Thanks for your great advise!!!!!!
I'm going to post about the set up I'm thinking about in the planted section.

Re: carbon filter questions

PostPosted: Thu Apr 24, 2014 10:44 pm
by freshfish
I personally stick with all low light/low tech setups, and have never run CO2 on any of my own tanks, so unfortunately I can't help you out much past the very basics of CO2!

However, I do know with your size tank, you should be able to make do with a DIY CO2 setup, and there are tons of How To videos on YouTube to help with getting one of those going. I also would recommend getting a drop checker and a calibrated 4 dKh solution to go inside the drop checker to get a more accurate measurement of your CO2 levels than can be guessed at using a bubble counter or just using a pH chart. This solution will change colors inside the drop checker to indicate your CO2 levels.

Keep in mind putting CO2 on a tank does NOT replace the need to dose other ferts. CO2 ONLY supplies carbon. This would be equivalent to trying to raise a child on only calcium tablets with NO other nutrition... instead of supplying the healthy balance of ALL the nutrients a child (or in this case, a plant) needs to grow.

You shouldn't really *need* CO2 using your current light fixture (which is very low light), but if you're interested in expanding the number of plant species you can keep, learning how to achieve and maintain stable CO2 levels is an important step and much more easily managed at lower light levels BEFORE increasing your lighting to mid or high levels.

Looking at your tank, it's pretty much only the faster-growing plants that are struggling, which does point to nutrient deficiency. If you start dosing P and K you might see an improvement just with those?

Re: carbon filter questions

PostPosted: Sat Apr 26, 2014 8:14 pm
by potterfish
Thanks for the information, your help has been priceless. I think I will hold off on the Co2 system at this time and take your advise and dose the plants with a supplement of P and K. Do you have any favorites that you would recommend? I did read about the Flourish Phosphorus that stated it should be used once or twice a week or to test the water with the test kit the have to try to raise the levels to 0.15-1.0mg/l, does this sound like what you was thinking also?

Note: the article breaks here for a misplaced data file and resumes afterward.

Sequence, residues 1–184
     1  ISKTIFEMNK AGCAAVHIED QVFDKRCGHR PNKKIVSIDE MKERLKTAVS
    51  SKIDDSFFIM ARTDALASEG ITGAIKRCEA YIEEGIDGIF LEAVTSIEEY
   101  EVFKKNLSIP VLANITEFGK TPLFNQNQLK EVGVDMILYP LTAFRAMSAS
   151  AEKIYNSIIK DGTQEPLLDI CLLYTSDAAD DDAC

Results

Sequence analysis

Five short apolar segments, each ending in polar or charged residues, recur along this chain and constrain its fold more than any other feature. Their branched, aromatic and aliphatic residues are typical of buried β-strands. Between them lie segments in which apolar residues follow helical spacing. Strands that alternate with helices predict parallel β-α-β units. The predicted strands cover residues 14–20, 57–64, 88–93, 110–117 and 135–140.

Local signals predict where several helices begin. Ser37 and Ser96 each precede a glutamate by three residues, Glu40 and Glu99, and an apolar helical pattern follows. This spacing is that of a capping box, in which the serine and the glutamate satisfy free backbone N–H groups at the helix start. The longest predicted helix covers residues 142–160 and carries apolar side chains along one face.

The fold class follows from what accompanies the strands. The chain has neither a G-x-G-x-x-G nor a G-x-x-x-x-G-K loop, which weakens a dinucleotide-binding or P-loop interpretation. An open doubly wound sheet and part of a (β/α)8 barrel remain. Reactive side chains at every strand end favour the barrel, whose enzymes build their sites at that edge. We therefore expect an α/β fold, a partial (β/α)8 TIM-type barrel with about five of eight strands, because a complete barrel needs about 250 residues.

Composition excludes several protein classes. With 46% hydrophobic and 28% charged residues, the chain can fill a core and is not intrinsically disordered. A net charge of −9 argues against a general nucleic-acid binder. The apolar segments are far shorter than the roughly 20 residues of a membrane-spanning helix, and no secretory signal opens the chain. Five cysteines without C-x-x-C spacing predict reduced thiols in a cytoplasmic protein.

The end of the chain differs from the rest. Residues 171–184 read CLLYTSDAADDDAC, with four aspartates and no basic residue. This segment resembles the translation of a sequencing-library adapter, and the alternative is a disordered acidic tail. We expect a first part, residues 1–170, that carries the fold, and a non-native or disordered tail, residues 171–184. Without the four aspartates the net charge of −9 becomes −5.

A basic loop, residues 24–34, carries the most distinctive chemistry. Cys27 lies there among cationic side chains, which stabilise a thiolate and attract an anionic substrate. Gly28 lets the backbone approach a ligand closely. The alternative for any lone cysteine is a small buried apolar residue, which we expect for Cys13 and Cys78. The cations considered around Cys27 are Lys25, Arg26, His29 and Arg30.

Just to make sure I'm keeping on track the P and K should be used with or without the twice a week of the Flourish that I'm using now?
I will use your input before placing an order and at the same time I want to order some filters without the carbon since that seems to be the common choice. I've never done this on any of my tanks so I'm confused :think: do I buy just some filter media bags and cut my carbon filters apart to use the frame or is there a better way?
Sorry for all the questions but I'm one of those guys who wants all the details before I make changes. Once again I REALLY appreciate your input and willingness to help me on this adventure, I think my plants and fish will look awesome and benefit from all the hard work.

Re: carbon filter questions

PostPosted: Tue Apr 29, 2014 1:00 pm
by freshfish
There are millions of different dosing strategies when it comes to using ferts for aquarium plants. My advice is to pick one (if you're using Seachem's products, the chart on their website would be a logical place to start) and see how your plants/tank respond, and adapt from there.

Keep in mind that under very low light, the plants will be growing very slowly, so demand for nutrients will be low.

As for your filters and carbon questions... there's no harm to leaving the carbon inside your filter cartridges. Or you can remove it if you like. Totally up to you. In your shoes, I'd probably wouldn't bother trying to remove it. Though I would still stuff a bag of Purigen in the filter somewhere, just because I'm such a big fan of how crystal clear it makes water.